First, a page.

[Update: Please note that rolling back to older drivers can introduce security risks to your system! There’s a reason why software is updated–often it is because security issues are found. Please keep that in mind when making system changes.]
I discovered the camera on my Lenovo laptop wasn’t working. It’s the integrated camera app that comes with Windows 10. I made sure I hadn’t disabled it, attempted to update the driver, then, after receiving a message that the driver was already the most up-to-date, I rolled back to a previous driver. That got it working.
For Windows 10, here’s how you can change application startup behavior:
Hit the Windows key on your keyboard to open the Start menu.
Then click or tap the little cog wheel to access your settings.
Once in settings, open “Apps”, then look for the Startup option in the menu along the left.
There you’ll find a list with a little toggle button to turn the startup behavior on or off.
A few programs that I’d prevented from starting after logon reappeared after upgrading to Windows 10. That may be happening for some of you, too, but you may have been unfamiliar with where to go to make changes in Windows 10.
There is a helpful article from HowToGeek (Link to How To Geek article) about preventing Microsoft Teams from starting automatically. I have an Office 365 subscription through my school, and all my Windows devices had begun annoying me with a popup to sign in to Teams (which I don’t use).
I share the article here because it has useful info about preventing programs in general from starting after you first log on to Windows. Many of you may just be upgrading to Windows 10 as support for Windows 7 drops off after this month. Some of the layout and settings may be confusing. That article shows you a quick way to access your Windows Settings.
If you’re unfamiliar with Windows 10, you also may find yourself confused when looking for the Control Panel. Most every setting can be found by typing in the search area with Windows 10. Hit the Windows key on your keyboard to bring up the start menu, then click the magnifying glass and enter your search term. Start typing Control Panel and you’ll find a match appear for the “Control Panel app”.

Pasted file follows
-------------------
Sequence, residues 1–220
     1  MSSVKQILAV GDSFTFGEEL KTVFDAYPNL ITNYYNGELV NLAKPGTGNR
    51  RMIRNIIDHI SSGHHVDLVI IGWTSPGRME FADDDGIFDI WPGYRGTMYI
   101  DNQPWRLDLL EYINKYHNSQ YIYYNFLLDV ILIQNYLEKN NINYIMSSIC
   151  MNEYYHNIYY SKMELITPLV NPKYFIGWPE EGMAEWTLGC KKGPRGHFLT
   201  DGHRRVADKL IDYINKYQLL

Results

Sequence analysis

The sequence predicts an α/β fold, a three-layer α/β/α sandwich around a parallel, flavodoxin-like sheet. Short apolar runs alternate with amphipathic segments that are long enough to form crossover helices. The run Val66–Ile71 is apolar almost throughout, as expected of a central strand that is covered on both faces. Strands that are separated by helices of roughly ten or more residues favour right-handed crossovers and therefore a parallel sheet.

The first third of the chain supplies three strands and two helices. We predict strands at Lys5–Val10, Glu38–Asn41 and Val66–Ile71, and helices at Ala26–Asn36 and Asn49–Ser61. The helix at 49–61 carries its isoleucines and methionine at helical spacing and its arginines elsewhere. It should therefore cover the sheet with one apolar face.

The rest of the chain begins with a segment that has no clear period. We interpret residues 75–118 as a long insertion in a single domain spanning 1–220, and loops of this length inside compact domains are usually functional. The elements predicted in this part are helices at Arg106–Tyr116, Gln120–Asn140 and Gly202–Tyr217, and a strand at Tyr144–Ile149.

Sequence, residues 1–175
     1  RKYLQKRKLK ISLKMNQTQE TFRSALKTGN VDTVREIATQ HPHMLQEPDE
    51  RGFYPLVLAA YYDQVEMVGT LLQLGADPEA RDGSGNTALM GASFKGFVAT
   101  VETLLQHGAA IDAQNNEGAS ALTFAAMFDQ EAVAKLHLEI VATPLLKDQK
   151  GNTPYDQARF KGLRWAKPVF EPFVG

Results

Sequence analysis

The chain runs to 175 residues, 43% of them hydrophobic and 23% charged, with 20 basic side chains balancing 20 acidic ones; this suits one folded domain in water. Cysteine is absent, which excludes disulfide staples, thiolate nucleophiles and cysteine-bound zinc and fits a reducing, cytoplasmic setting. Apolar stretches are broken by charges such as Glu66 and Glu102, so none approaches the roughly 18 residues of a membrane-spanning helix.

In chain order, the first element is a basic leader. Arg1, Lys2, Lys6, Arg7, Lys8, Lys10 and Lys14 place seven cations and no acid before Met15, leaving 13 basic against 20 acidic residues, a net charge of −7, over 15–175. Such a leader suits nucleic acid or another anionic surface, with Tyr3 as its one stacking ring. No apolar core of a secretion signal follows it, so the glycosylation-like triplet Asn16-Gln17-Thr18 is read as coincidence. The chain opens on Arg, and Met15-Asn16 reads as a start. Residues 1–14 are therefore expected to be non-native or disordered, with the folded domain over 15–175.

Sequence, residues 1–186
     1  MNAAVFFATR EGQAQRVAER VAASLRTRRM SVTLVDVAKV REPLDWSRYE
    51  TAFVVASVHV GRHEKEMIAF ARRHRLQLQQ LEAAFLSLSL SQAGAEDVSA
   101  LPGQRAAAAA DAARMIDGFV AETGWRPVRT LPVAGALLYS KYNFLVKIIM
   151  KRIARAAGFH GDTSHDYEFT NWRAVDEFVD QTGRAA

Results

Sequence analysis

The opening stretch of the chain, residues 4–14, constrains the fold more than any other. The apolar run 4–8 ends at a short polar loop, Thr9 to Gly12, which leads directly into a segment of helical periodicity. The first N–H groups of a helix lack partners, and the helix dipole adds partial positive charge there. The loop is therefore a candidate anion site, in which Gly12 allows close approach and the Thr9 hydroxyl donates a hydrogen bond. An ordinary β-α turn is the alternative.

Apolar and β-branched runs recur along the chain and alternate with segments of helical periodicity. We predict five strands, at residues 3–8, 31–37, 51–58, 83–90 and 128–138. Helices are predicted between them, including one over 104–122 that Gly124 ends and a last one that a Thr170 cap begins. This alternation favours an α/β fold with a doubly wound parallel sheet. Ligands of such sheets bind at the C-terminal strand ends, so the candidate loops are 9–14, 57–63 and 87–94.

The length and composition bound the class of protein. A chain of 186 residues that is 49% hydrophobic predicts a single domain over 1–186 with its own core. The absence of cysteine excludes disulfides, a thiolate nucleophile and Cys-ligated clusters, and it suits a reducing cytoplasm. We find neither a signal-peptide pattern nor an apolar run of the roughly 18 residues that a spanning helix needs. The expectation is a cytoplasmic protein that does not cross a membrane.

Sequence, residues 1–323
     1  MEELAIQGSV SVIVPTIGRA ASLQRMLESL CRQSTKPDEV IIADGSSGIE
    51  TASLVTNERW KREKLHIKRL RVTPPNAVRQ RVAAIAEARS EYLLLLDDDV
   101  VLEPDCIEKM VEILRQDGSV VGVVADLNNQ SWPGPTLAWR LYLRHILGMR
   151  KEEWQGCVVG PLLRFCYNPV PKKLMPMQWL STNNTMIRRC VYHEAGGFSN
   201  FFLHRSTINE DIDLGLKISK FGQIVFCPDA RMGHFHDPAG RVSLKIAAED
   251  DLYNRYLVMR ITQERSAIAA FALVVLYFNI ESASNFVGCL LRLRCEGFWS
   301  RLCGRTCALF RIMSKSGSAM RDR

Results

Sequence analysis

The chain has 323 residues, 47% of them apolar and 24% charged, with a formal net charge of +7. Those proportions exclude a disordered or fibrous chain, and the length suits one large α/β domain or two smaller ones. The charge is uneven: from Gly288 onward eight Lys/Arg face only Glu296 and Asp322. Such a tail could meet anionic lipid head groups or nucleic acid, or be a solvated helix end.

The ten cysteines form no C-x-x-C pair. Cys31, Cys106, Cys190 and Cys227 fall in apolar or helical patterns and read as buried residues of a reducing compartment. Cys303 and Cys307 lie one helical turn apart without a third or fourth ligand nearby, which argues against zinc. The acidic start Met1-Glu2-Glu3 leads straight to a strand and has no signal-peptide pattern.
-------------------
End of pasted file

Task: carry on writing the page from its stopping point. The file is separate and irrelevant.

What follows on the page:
After reading some articles about a Chrome update, I looked into my Chrome browser settings to check which version I was using. When I did, an unfamiliar message caught my eye:
An employer can manage software on a computer that you may use for work, applying restrictions and monitoring usage. Since I was on my personal device that isn’t a part of an organization, I found this odd.
I found several articles online discussing the issue, but none had any conclusive advise as to why this happens if your device isn’t supposed to be managed by an outside entity. The general thought is that a recent Chrome update causes this message to be shown if software on your computer controls some Chrome settings. I won’t get into the details here, but links to the articles are at the end of this post for your further reading.
If you’ve seen this message as well and would like to get rid of it, try out some of the suggestions below. (Instructions are for devices running Windows).
Browse to chrome://management/ in order to see if you can glean any information about what is being managed. If there’s no help there, go to the next step.
Go to chrome://policy/ to see any settings that may be affecting how Chrome operates. When I viewed this page, I didn’t recognize any of the items listed under the “Policy name” column; also, the “Policy value” column was blank. You can do a search on any policy name you find to see if that gives you any insight into what program may be setting a policy. My searches didn’t yield any good info, so I went to the next step.
Check out any extensions you have enabled in your Chrome browser at this link: chrome://extensions/ I recognized all of the items, but disabling them and removing them didn’t get rid of the “managed by your organization message”.
I found another solution that involves making changes to your system registry. Making registry changes can be risky, so only proceed if you’re comfortable working with the registry. Make a backup before proceeding.
search or run “regedit” to open the registry editor
Go to the Chrome folder under HKEY_LOCAL_MACHINE — SOFTWARE — Policies — Google (Computer\HKEY_LOCAL_MACHINE\SOFTWARE\Policies\Google\Chrome)
Delete the offending keys there.
The registry edit solved the issue for me. As noted above, I didn’t find any conclusive evidence as to why I was getting the message; it may have been a completely harmless policy. Also, editing the registry is risky. Apply this solution at your own risk.
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